Staying Put & Shelter in Place (SIP)

Whether you are at home, work, or elsewhere, there may be situations when it’s simply best to stay where you are and avoid uncertainty outside. In fact, there are some circumstances where staying put and creating a barrier between yourself and potentially contaminated air outside, a process known as “sheltering in place” in a sealed room is the best answer. Plan in advance where you will take shelter in this kind of an emergency. 

Choose an Interior Room

Choose an interior room or one with as few windows, doors and vents as possible. Consider precutting plastic sheeting to seal windows, doors and vents. Each piece should be larger than the space you want to cover so that it lies flat against the wall. Label each piece with location of where it fits. Use duct tape to seal the plastic to the wall.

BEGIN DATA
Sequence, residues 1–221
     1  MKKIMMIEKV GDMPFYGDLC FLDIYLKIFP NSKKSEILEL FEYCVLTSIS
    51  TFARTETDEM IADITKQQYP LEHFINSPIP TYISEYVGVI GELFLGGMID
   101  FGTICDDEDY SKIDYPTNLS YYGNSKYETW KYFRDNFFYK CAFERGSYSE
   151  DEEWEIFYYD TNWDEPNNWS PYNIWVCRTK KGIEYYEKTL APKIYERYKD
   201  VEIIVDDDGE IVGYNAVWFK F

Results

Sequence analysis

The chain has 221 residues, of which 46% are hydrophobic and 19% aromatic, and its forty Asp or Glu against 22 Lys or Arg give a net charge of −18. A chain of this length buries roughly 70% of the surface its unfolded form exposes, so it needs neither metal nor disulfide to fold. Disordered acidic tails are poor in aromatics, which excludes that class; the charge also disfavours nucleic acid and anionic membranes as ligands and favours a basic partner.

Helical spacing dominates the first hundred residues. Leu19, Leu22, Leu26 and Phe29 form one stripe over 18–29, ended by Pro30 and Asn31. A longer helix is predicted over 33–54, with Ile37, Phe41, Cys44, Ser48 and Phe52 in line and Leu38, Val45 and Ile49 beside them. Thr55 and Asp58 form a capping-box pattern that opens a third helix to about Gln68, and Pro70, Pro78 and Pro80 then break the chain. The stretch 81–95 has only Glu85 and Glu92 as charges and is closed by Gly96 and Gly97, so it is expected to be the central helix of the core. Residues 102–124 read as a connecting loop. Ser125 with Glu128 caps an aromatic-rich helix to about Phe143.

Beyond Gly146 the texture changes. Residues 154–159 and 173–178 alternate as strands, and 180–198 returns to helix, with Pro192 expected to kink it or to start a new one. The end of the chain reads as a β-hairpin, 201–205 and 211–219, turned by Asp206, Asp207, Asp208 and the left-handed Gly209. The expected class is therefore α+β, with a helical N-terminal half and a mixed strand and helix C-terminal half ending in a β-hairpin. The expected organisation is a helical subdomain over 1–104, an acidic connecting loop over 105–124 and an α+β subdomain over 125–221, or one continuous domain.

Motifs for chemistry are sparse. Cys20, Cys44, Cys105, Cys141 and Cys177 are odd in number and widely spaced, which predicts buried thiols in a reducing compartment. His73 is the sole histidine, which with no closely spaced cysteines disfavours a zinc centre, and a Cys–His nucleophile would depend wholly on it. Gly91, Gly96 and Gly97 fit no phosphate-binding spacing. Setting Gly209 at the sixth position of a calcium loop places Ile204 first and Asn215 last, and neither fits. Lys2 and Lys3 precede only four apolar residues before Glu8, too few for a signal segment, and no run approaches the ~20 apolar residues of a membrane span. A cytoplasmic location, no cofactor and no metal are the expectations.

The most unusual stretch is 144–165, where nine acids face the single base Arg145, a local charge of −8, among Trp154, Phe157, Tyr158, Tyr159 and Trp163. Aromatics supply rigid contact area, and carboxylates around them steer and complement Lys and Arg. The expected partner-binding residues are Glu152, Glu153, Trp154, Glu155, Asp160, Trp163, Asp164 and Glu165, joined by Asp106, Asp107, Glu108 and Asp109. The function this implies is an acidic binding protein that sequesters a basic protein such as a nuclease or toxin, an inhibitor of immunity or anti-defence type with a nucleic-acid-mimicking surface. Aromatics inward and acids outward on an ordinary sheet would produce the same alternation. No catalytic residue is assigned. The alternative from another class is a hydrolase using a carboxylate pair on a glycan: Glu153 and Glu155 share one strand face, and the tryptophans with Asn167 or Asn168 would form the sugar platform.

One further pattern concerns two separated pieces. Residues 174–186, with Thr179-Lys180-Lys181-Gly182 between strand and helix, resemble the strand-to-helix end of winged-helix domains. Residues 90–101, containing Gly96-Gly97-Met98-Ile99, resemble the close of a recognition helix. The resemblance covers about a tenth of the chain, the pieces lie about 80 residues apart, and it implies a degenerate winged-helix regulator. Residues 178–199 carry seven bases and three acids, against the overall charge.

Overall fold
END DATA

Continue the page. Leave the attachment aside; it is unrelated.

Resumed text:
Assess the Situation

Use available information to assess the situation. If you see large amounts of debris in the air or if authorities say the air is badly contaminated you may want to SIP and seal the room. Quickly bring your family and pets inside, lock and close windows, air vents and fireplace dampers, Turn off air conditioning and go into the room you have designated. Seal all windows doors and vents with plastic sheeting and duct tape or anything else you have on hand. Listen to the TV, radio or check the internet for instructions.

Shelter in Place Doesn't Usually Last Very Long

Shelter in place is usually expected to last for no more than 4 to 6 hours.